There are many great things in Australia. Great deserts, great reefs, great opera houses, great accents—but not great baseball players. At least, not until today. Liam Hendriks may not be a great baseball player, but he definitely had a great game. Filling in for Yordano Ventura, Hendriks gave up a sole run on a pair of back-to-back hits in the seventh inning. Striking out five, he walked none, only allowing two hits outside of the pair which scored the lone run.
Since Eric Hosmer went out with a hand injury, Josh Willingham was acquired, and the Royals went on a huge winning streak, there has been question about whether or not there is a spot for Hosmer in the lineup. Recent performances by the Royals’ offense have yielded a definitive answer: absolutely. At the very least, Hosmer’s return, along with Butler’s resurgence and Willingham’s mere presence, probably forces out Raul Ibanez, which is an * excellent * thing.
Tonight, the Royals were dominated by Phil Hughes, which feels like it happens at all times nowadays. He has only walked 15 batters all year, and, when facing the team with the lowest walk rate in the league, you can probably guess the result. Though Hughes was constantly throwing strikes, no Royal ever turned on one, and they only had 3 baserunners the entire game. It was Hughes’ fourth complete game of his career…
…or so I thought as I had put digital pen to paper in the seventh inning. But it was not to be, and I began to believe.
Ibanez, who I had belittled two paragraphs ago, blooped the type of hit entirely reliant on luck, and that was all the Royals needed to spark to life. He was immediately replaced by Lorenzo Cain, thereby upgrading the DH spot in hitting, baserunning, and fielding (if the DH fielded). Cain stole second, and then Mike Moustakas did what he usually does—pull the ball and ground to deep right—but it wasn’t hit quite hard enough for Brian Dozier to record the out. With runners at the corners, Jarrod Dyson bunted, and the Twins threw to home, but not in time for Cain to score the tying run. Nori Aoki did Aoki things, by slapping a ball to the opposite field, which scored Moustakas and giving the Royals their go-ahead run.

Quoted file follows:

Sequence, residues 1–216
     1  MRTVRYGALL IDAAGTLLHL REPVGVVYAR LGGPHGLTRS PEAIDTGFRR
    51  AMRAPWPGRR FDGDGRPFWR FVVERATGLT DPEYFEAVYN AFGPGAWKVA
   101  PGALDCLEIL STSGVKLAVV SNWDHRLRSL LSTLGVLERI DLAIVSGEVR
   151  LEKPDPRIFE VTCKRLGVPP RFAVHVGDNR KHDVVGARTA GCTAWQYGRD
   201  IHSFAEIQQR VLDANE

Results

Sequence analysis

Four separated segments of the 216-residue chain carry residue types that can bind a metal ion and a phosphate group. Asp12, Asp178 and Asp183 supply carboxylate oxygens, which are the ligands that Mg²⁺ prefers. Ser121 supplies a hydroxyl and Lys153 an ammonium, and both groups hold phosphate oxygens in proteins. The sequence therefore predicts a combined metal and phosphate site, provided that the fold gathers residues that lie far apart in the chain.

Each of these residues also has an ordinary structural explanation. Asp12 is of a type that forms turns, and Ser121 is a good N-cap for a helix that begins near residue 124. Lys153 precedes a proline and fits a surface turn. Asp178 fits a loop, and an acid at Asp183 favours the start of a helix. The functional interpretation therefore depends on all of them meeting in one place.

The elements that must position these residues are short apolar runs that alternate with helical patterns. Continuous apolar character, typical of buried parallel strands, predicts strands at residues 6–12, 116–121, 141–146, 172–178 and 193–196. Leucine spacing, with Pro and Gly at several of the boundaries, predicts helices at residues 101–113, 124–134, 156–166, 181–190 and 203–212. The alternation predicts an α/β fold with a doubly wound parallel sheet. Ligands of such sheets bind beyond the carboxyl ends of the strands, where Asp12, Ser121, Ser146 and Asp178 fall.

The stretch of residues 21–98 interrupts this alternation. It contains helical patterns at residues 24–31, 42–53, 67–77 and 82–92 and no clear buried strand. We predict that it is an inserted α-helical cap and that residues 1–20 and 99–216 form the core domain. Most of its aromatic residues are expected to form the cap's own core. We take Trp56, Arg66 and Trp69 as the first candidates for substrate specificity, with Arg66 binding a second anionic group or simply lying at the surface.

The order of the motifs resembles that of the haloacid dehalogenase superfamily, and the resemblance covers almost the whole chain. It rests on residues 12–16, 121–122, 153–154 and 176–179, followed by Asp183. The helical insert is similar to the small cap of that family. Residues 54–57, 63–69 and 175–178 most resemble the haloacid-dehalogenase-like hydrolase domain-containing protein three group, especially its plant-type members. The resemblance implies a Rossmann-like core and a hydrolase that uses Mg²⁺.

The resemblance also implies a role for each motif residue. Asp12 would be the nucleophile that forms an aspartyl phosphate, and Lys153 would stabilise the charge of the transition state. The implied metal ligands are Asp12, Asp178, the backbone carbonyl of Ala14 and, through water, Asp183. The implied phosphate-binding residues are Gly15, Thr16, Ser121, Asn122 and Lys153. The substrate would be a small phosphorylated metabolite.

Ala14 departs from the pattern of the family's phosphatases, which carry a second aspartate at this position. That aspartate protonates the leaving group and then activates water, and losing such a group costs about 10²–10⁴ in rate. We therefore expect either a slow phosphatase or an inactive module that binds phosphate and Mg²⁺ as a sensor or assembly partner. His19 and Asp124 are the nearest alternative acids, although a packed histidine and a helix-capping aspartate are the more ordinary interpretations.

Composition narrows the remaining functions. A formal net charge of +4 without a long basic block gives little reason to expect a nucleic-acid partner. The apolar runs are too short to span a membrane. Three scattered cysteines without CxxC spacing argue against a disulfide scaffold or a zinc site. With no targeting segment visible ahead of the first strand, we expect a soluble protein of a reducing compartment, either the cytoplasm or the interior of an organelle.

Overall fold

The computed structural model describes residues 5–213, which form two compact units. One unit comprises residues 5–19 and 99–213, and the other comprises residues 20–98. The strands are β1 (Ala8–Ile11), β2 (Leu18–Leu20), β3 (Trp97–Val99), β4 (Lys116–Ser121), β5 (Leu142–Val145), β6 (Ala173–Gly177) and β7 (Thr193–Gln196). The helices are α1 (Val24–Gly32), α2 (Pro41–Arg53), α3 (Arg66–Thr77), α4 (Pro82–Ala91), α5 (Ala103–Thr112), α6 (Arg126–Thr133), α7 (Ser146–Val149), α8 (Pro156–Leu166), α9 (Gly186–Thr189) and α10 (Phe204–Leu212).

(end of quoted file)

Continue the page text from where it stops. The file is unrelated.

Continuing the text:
But that wasn't it. Alex Gordon walked. Billy Butler muscled a hit into shallow right field scoring two. Salvador Perez, behind chants from the crowd of 'Salvy, Salvy' smashed a triple in the left-center gap, clearing the bases. And that was all the Royals needed. In a cruel decision, Ned Yost brought in Greg Holland in a non-save situation to punish the Twins for doing so well for so long. After allowing a weak bloop hit, Holland butchered the next three Twins, inducing numerous flailing swings for a trio of strikeouts. Royals win 6-1, improving to 74-58 and advancing to a 2.5 game lead in the American League Central.
Billy Beane says in Moneyball that it's hard not to romanticize baseball. Under the flurry of games, day in and day out, we seek to create our own stories, perspectives, and memories from moments that have no particular significance. Today was only one baseball game out of 162. I, however, will always remember it as the game where I realized we are in the midst of something special. Last night was great, sure, but it was Alex Gordon displaying a singular moment of brilliance in a career filled with highlights. This game was different. It was a loss on paper and looked to be a loss as the game went on as the Royals' limp bats floundered while I waited for the spot starter, whose career ERA is over 6, to implode. Against all odds, the Royals forcefully imposed their will on the other team.
We've got something here. Let's enjoy it.